References to indexes and benchmarks are hypothetical illustrations of aggregate returns and do not reflect the performance of any actual investment. Investors cannot invest in an index and do not reflect the deduction of the advisor’s fees or other trading expenses. There can be no assurance that current investments will be profitable. Actual realized returns will depend on, among other factors, the value of assets and market conditions at the time of disposition, any related transaction costs, and the timing of the purchase. Indexes and benchmarks may not directly correlate or only partially relate to portfolios managed by SL Advisors as they have different underlying investments and may use different strategies or have different objectives than portfolios managed by SL Advisors (e.g. The Alerian index is a group MLP securities in the oil and gas industries. Portfolios may not include the same investments that are included in the Alerian Index. The S & P Index does not directly relate to investment strategies managed by SL Advisers.)

This site may contain forward-looking statements relating to the objectives, opportunities, and the future performance of the U.S. market generally. Forward-looking statements may be identified by the use of such words as; “believe,” “expect,” “anticipate,” “should,” “planned,” “estimated,” “potential” and other similar terms. Examples of forward-looking statements include, but are not limited to, estimates with respect to financial condition, results of operations, and success or lack of success of any particular investment strategy. All are subject to various factors, including, but not limited to general and local economic conditions, changing levels of competition within certain industries and markets, changes in interest rates, changes in legislation or regulation, and other economic, competitive, governmental, regulatory and technological factors affecting a portfolio’s operations that could cause actual results to differ materially from projected results. Such statements are forward-looking in nature and involves a number of known and unknown risks, uncertainties and other factors, and accordingly, actual results may differ materially from those reflected or contemplated in such forward-looking statements. Prospective investors are cautioned not to place undue reliance on any forward-looking statements or examples. None of SL Advisors LLC or any of its affiliates or principals nor any other individual or entity assumes any obligation to update any forward-looking statements as a result of new information, subsequent events or any other circumstances. All statements made herein speak only as of the date that they were made. r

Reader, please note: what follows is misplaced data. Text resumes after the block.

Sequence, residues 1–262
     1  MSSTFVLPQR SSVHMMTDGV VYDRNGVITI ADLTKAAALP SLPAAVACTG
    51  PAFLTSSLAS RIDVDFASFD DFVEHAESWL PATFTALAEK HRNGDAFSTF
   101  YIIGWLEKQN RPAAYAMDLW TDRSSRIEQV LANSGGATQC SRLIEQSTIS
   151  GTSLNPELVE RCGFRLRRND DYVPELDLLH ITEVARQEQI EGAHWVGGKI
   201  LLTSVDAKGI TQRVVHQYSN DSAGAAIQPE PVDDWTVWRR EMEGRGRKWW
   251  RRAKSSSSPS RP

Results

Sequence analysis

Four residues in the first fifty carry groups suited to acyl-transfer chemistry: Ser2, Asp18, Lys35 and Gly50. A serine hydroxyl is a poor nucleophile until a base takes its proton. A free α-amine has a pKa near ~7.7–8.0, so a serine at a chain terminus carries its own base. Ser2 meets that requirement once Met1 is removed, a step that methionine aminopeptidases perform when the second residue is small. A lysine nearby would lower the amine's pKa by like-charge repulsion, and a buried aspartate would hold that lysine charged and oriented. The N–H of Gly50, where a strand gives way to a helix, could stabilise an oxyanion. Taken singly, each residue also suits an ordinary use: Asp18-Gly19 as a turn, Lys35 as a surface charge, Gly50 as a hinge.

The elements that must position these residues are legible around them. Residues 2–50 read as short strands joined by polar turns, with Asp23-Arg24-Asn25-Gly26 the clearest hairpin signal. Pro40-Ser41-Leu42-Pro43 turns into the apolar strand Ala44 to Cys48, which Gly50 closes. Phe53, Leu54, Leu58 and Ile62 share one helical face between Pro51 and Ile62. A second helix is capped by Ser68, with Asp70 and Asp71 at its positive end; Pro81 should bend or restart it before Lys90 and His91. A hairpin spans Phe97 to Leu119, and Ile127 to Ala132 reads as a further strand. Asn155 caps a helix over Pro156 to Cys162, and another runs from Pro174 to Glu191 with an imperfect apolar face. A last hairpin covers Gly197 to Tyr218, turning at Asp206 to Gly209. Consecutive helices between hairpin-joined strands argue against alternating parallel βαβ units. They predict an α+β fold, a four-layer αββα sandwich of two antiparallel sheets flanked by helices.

Certain hyperlinks or referenced websites on the Site, if any, are for your convenience and forward you to third parties’ websites, which generally are recognized by their top level domain name. Any descriptions of, references to, or links to other products, publications or services does not constitute an endorsement, authorization, sponsorship by or affiliation with SL Advisors LLC with respect to any linked site or its sponsor, unless expressly stated by SL Advisors LLC. Any such information, products or sites have not necessarily been reviewed by SL Advisors LLC and are provided or maintained by third parties over whom SL Advisors LLC exercise no control. SL Advisors LLC expressly disclaim any responsibility for the content, the accuracy of the information, and/or quality of products or services provided by or advertised on these third-party sites.

All investment strategies have the potential for profit or loss. Different types of investments involve varying degrees of risk, and there can be no assurance that any specific investment will be suitable or profitable for a client’s investment portfolio.

Past performance of the American Energy Independence Index is not indicative of future returns.

Print Friendly, PDF & Email
3 replies
  1. Emmett Ryan
    Emmett Ryan says:

    Not that he can’t be wrong but Buffett just lined up to buy a giant truck stop company which is going to need people in vehicles that need fuel.

  2. Emmett Ryan
    Emmett Ryan says:

    Rush Limbaugh had a guest a couple of days ago who pointed out some pretty significant problems for electric vehicles…not sure if you have already covered these….each gas station in the us would have to be replaced by a charging station which would require the equivalent capacity of a power supply for a 75,000 person city….each gas station!….also the electricity to supply through those charging stations is not currently available, so a gigantic expansion of electricity power supply would be required….gigantic!….the commentators estimate of the required outlay for charging stations and additional electrical supply was $60 million per station….that is a lot more than your average filling station owner has in his bank account….the technical challenges of getting more electricity in a battery are small next to making enough electricity available to a national fleet of electric cars…these things will be toys for the wealthy for a long, long time…the idea that the source of the additional electricity will be renewables is just too ridiculous to even address given current technology

    • Simon Lack
      Simon Lack says:

      Emmett, thanks for your comments. We do agree that expanding the electricity distribution network to support a mostly-EV fleet in the U.S. is a huge undertaking not fully considered by some.


Leave a Reply

Want to join the discussion?
Feel free to contribute!

Leave a Reply

Your email address will not be published. Required fields are marked *

This site uses Akismet to reduce spam. Learn how your comment data is processed.